The Massachusetts chapter of the Northeast Organic Farming Association. NOFA/Mass welcomes everyone who cares about food, where it comes from and how it’s grown

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Winter Conference

Gratitude 

As we all strive to create a vibrant future in which our food, medicine, and necessities are crafted in harmony with-- instead of at the expense of-- our living environment,  we look to those in our communities who carry the skills and knowledge to help us on this path. It is with deep gratitude that we turn to our Winter Conference presenters, who serve in so many ways: as watchdogs leading the charge against Monsanto/Bayer; as experienced farmers with intimate knowledge of soil, water, and the changing seasons; as medicine-makers and medicine growers; as foragers and wild plant knowledge-keepers; as scientists and change-makers; as landscape planners and nut growers and grass growers and tree planters; as tenders of our soils and our souls. We are grateful for the burgeoning understanding of the connections between the soil and the gut, between the earth and the atmosphere, and for our collective work restoring the health our families, ecosystems, and ourselves.

Climate Change Mitigation

With mornings now increasingly rimed with frost, we are looking ahead to the 33d NOFA/Mass Winter Conference! All through the hot months we have been reaching out and organizing this program for our January winter gathering, and we are proud to tell you about all the knowledge that lies in store!

As always we will have a wide array of farming, gardening, animal husbandry, self-reliance, herbalism and permaculture workshops (over 60 classes!)—and, as always, we have organized some special tracks for those who want to dig into a specific topic.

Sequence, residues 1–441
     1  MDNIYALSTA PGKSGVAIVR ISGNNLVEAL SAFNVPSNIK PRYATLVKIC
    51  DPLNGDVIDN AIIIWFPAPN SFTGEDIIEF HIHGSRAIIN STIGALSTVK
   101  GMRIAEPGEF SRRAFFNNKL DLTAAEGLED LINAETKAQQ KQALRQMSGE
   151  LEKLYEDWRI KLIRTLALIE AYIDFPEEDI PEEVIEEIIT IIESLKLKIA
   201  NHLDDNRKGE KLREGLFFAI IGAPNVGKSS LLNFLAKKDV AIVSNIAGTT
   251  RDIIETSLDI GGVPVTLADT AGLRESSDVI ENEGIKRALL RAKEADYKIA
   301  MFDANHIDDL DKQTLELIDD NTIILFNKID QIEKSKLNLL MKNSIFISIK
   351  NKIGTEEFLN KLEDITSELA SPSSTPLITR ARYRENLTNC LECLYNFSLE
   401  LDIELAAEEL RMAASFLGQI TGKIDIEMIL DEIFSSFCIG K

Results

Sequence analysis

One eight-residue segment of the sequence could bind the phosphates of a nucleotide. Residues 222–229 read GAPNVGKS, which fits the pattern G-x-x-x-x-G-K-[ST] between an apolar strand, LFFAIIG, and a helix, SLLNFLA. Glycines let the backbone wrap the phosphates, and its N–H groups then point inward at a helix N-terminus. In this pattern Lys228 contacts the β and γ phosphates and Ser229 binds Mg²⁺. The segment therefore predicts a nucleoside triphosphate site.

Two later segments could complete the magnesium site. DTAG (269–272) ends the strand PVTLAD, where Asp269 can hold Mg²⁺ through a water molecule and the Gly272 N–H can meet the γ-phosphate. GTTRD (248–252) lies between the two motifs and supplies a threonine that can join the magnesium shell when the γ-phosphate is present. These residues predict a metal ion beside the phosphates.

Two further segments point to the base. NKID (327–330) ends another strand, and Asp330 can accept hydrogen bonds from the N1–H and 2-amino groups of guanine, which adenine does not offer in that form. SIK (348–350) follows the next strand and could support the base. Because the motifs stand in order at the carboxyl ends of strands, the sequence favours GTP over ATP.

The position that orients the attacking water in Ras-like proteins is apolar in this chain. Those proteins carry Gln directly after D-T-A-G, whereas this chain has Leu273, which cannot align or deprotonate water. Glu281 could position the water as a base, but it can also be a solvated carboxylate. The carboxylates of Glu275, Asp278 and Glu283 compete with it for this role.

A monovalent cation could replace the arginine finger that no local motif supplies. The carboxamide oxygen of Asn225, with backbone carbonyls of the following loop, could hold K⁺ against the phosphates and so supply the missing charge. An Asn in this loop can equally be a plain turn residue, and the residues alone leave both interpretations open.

In particular, our program will focus in detail on farming and food production practices that offer climate change mitigation and adaptation solutions.

Winter’s chill is just around the corner which naturally means our community of farmers and gardeners are about to go into hibernation to review the season’s notes and process the past year’s successes and failures in order to greet Springtime with renewed energy and enthusiasm. Maybe that means lots and lots of reading, or many group conversations or maybe it means a whole season’s worth of contemplation and reflection.

Whatever your style of winter study is, we hope the NOFA/Mass Winter Conference is part of your curriculum. This year’s conference will be held on Saturday January 11, 2020 on the campus of Worcester State University. It is our 33rd annual Winter Conference.  Save the date, mark your calendar to register early and make plans to bring your inquisitive nature, wisdom and joyfulness to celebrate your community of earthy, progressive, soil loving, like-minded friends and neighbors. Everyone is welcome and we hope the program suits your needs.

Carey Gillam named 2020 NOFA Winter Conference keynote speaker

Carey Gillam named 2020 NOFA Winter Conference keynote speaker

We at NOFA/Mass are thrilled to announce that our 2020 Winter Conference Keynote Presenter will be the award-winning journalist Carey Gillam

Gillam is a former senior correspondent for Reuter’s international news service and veteran journalist with over 25 years of experience covering American corporations and agribusiness. She specializes in biotech, pesticide development, and the environmental impacts of food production in the United States. Her articles appear regularly in The Guardian, the Huffington Post, Environmental Health News and the US Right to Know. 

 

Jason Valcourt

What an amazing day 1/12/19 was. The 32nd NOFA/Mass Winter Conference was a lively and engaging affair with an intimate and warm family vibe. We spent the day together with 850 enthused soil and plant lovers, had so much fun and felt many warm vibes on another cold January day. The theme of Food As Medicine was explored and discussed from many angles and the notion of Food As Medicine has taken root in our minds and vocabulary.

We would like to extend huge gratitude to all that attended, exhibited, presented, played music, promoted and made the day so powerful. We are looking forward to processing your evaluation feedback and beginning the journey to next year’s Winter Conference on Saturday January 11, 2020.